Open-and-go lessons that inspire kids to love science.

Science curriculum for K—5th grades.

90 sec
  • Hands-on lead students in the doing of science and engineering.
  • NGSS-aligned and Common Core make the transition to the Next Generation Science Standards and support Common Core.
  • Less prep, more learning prep in minutes not hours. Captivate your students with short videos and discussion questions.

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The Birth of Rocks

Rock Cycle & Earth's Processes

3rd Grade, 4th Grade, 5th Grade

NGSS Standards covered: 4-ESS2-2 , 4-ESS3-2 , 4-ESS1-1 , 4-ESS2-1
This unit takes the perspective that every rock has a story. Students will develop an appreciation for the processes that shape the Earth’s surface. After considering where volcanoes form and how they erupt, they turn to investigations of rocks breaking apart and creating potential hazards. Through hands-on investigation, students explore the world of rocks and design ways of protecting humans from their dangers. Less
  1. Lessons
  2. Activity Prep
  3. Assessments

Mystery 1: Volcanoes & Patterns of Earth's Features

Mapping Volcanoes

In this Mystery, students explore the past and present pattern of where volcanoes exist on the earth. In the activity, Mapping Volcanoes, students plot volcano locations on a world map and look for patterns. Students analyze these maps to discover that volcanoes form a “Ring of Fire” around the Pacific Ocean.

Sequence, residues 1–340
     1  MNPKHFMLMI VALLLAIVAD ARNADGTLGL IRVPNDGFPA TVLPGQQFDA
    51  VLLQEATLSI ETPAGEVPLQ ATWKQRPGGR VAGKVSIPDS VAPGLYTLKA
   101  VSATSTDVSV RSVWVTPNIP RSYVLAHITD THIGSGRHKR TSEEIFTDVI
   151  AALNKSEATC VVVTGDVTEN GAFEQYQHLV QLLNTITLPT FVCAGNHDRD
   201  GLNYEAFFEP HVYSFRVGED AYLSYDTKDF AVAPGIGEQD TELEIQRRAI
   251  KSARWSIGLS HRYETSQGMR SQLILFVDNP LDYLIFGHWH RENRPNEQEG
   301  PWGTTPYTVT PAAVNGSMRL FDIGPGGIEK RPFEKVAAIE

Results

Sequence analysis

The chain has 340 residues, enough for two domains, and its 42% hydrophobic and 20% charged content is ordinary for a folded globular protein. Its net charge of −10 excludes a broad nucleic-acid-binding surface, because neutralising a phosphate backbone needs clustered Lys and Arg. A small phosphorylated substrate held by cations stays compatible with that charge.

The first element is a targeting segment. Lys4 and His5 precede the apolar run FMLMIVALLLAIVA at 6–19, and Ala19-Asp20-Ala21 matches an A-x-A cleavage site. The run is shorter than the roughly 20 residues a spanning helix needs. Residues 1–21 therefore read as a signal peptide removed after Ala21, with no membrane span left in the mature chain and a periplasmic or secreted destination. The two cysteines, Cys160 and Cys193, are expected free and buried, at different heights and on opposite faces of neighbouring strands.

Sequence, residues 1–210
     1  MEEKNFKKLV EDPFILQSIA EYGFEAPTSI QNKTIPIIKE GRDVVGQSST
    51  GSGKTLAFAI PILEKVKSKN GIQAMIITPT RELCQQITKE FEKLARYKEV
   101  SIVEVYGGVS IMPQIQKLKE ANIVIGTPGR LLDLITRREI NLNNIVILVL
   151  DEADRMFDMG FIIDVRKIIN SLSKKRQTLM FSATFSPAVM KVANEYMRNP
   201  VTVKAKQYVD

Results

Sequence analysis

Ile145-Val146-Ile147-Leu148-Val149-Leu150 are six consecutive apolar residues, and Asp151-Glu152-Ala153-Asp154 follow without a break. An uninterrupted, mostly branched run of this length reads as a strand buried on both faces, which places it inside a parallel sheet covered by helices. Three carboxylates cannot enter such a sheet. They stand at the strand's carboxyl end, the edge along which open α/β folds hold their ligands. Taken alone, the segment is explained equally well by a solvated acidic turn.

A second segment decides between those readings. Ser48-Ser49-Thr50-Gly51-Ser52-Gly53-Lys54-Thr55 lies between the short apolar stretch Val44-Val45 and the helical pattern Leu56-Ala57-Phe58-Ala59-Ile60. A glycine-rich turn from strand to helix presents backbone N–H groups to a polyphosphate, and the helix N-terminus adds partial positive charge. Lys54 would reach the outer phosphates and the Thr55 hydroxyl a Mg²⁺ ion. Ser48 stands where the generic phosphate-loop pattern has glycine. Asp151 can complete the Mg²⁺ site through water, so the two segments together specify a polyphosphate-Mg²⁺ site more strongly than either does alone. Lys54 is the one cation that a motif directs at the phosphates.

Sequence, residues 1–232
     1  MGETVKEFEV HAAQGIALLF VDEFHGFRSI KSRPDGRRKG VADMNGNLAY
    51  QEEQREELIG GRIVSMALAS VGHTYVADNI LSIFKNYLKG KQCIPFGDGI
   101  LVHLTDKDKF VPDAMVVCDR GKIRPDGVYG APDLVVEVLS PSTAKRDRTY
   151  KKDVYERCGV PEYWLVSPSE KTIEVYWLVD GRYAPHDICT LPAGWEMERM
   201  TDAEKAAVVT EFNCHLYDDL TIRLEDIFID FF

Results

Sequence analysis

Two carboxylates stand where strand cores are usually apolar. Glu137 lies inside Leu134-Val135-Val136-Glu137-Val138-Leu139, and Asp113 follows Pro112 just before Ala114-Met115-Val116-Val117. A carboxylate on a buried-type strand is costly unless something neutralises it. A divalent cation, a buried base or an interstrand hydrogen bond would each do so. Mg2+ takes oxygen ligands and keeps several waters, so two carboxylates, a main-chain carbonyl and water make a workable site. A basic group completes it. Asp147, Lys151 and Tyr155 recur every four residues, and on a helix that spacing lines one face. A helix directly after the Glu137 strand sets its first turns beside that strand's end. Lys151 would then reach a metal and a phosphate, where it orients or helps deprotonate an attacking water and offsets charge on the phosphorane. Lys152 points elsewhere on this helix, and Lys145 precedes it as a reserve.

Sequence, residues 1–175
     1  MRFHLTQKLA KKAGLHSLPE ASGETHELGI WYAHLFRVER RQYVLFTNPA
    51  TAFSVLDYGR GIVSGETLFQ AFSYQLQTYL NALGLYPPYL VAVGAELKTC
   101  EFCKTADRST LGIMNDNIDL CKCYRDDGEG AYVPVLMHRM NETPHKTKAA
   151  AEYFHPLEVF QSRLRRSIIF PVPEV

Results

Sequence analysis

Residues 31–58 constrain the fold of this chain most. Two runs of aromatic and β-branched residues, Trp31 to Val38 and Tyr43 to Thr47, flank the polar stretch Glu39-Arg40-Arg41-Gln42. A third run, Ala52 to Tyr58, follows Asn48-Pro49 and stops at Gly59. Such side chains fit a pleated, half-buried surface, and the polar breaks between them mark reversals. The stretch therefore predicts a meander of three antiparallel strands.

Number of students:
Colored Pencils
We suggest using red colored pencils or crayons because they are the color of volcano lava. Crayons also work.
15 pencils
Volcano Discoveries printout Print 15 copies
Volcano Discoveries Answer Key printout Print 1 copy
Volcano Mapping printout Print 4 copies
Volcano Mapping Answer Key printout Print 1 copy
Prep Instructions

We suggest students work in pairs. Each pair of students will work on one quarter of the Volcano Map. At the end of the activity, four pairs of students will bring their maps together to form one complete Volcano Map.

Homeschool students can work on their own, but will need to complete all four parts of the Volcano Map so that they can analyze the global volcano pattern.

You will need enough wall space to display the completed maps. There will be one map for every 8 students, so a class of 32 students will have 4 completed maps. Each complete map measures approximately 22” x 17”.

Prepare Volcano Discoveries Printouts

Cut each Volcano Discoveries printout in half to make two worksheets. Each student needs a half sheet for the activity.

Display Maps (Optional)

At the end of the activity, you may want to display the completed Volcano Maps. Depending on the wall surface, attach the maps using tape or push pins.

Mystery 2: Volcanoes & Rock Cycle

Bubble Trouble

In this Mystery, students will investigate how differences in lava types explain differences in the shape and eruption patterns among volcanoes. In the activity, Bubble Trouble, students compare two different types of "lava" -- thin and thick. They use this information to figure out why volcanoes have different shapes and how the type of lava explains why some volcanoes explode.